Tanker spills close I-70
December 21, 2010
SILVERTHORNE, Colo. – Tuesday brought double trouble for Lake Dillon Fire-Rescue and the Summit County Haz-Mat Team after two chemical-bearing tankers crashed and sprung leaks in the course of one afternoon.
Crews had barely finished containing the estimated 1,000 gallons of magnesium chloride spilled when a tanker overturned under the Interstate 70 interchange in Silverthorne when a different tanker crashed while traveling down from the Eisenhower Tunnel on I-70, dumping approximately 50 pounds of liquid blasting agents on the highway.
According to initial reports, the second crash occurred when a heavy-tow vehicle rear-ended the tanker carrying the blasting gel – said to be about the consistency of apple sauce. The material is potentially explosive if exposed to spark or flame. A truck carrying such material would usually be routed over Loveland Pass, but the pass was closed Tuesday afternoon for avalanche control work.
“We’ve had our teams a third of a mile away, according to the manufacturer’s directions,” Lake Dillon Fire-Rescue spokesman Steve Lipsher said. “It’s my understanding that this stuff is fairly stable, unless it comes in contact with the wrong agent.”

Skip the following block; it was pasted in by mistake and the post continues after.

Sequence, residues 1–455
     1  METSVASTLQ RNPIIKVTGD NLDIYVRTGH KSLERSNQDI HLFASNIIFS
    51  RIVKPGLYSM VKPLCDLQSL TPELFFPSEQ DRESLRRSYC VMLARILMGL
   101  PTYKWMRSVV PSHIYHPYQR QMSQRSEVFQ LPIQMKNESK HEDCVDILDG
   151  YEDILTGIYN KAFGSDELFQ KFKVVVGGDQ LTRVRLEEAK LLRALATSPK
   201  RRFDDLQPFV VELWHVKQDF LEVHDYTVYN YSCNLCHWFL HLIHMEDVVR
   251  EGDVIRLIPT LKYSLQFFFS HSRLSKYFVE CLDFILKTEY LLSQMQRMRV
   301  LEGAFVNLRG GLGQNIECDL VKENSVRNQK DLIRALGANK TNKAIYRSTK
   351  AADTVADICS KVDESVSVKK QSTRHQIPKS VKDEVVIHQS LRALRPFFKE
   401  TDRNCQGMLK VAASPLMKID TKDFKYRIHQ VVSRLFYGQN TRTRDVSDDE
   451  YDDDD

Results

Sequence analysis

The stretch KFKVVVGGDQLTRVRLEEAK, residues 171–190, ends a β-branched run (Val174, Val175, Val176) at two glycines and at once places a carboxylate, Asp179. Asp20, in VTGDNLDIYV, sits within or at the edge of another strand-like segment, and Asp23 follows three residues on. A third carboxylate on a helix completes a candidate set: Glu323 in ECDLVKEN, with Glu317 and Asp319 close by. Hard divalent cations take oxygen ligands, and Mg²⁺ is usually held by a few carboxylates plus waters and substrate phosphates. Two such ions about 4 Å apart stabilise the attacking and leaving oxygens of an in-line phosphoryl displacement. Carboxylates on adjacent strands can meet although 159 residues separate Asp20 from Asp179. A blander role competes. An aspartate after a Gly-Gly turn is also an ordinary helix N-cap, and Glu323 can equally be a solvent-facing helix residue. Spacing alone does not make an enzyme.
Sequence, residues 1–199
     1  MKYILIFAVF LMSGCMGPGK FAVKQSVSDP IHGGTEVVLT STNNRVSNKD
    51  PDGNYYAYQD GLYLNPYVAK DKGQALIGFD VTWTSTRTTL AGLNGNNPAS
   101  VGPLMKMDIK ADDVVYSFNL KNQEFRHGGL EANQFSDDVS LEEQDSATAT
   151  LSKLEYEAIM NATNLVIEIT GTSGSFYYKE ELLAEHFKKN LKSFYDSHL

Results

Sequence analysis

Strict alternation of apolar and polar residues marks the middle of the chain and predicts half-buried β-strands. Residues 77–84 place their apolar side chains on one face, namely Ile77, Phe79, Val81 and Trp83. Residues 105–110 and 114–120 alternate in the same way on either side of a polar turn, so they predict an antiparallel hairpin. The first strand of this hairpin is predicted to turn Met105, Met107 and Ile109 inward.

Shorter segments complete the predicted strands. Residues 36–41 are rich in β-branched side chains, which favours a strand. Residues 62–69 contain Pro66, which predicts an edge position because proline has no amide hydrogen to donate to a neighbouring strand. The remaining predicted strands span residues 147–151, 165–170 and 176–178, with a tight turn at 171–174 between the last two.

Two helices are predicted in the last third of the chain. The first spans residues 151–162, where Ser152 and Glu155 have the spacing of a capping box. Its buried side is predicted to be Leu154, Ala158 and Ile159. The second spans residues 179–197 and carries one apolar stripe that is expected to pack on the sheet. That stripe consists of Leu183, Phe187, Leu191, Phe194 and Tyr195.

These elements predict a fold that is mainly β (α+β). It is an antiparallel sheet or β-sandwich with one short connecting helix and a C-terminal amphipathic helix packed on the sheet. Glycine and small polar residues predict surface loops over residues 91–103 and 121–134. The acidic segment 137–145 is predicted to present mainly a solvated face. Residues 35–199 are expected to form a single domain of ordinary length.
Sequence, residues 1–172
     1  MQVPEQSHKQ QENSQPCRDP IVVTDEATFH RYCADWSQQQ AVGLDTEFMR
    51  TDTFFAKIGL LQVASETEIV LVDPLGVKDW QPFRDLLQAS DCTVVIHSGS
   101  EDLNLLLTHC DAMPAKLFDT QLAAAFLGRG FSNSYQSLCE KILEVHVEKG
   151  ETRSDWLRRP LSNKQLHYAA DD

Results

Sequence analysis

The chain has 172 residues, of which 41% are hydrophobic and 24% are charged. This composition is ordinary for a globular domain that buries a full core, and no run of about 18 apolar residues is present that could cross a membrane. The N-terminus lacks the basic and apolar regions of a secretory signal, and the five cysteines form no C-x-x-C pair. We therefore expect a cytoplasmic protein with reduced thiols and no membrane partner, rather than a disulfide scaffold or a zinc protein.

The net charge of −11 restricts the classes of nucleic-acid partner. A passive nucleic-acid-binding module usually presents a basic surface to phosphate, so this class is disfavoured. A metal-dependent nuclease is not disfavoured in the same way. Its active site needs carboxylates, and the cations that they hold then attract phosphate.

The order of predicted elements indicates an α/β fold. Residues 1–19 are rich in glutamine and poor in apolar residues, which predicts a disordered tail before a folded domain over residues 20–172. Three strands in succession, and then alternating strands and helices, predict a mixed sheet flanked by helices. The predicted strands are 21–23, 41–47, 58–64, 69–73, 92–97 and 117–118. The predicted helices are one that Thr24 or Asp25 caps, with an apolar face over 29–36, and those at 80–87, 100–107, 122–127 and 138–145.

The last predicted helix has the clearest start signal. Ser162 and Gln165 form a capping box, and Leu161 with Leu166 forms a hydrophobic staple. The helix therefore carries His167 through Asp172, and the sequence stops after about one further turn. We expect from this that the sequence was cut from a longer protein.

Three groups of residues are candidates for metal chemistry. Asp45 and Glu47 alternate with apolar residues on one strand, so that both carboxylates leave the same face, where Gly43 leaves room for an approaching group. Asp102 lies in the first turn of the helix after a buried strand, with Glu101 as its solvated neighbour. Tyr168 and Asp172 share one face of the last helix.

Colorado Department of Transportation haz-mat crews were called in to assist with clean-up efforts.
The driver of the tow truck was injured in the crash and taken to Summit Medical Center for treatment.
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The crash shut down I-70 in both directions between Silverthorne and the tunnel. Eastbound lanes were expected to reopen Tuesday evening, but westbound I-70 was expected to remain closed for approximately eight hours – or until about 1 a.m. Wednesday. A tanker from Cheyenne was scheduled to off-load the substance from the wrecked truck.
The blasting agent spill came just two hours after a double tanker rolled its rear tank, spilling magnesium chloride dangerously close to the Blue River. The tank may have overturned as the truck was making the tight turn off the eastbound I-70 exit ramp onto Highway 9, said Lake Dillon Deputy Chief Jeff Berino.
The driver was not injured in the accident.
Lake Dillon crews constructed berms from sand and plastic around the spill to try to keep the chemical out of the Blue River, where it could be harmful to fish and wildlife, Berino said. Warmer temperatures Tuesday increased runoff from melting snow, making it more difficult for crews to contain the spill.
Magnesium chloride is a liquid salt used to de-ice roads.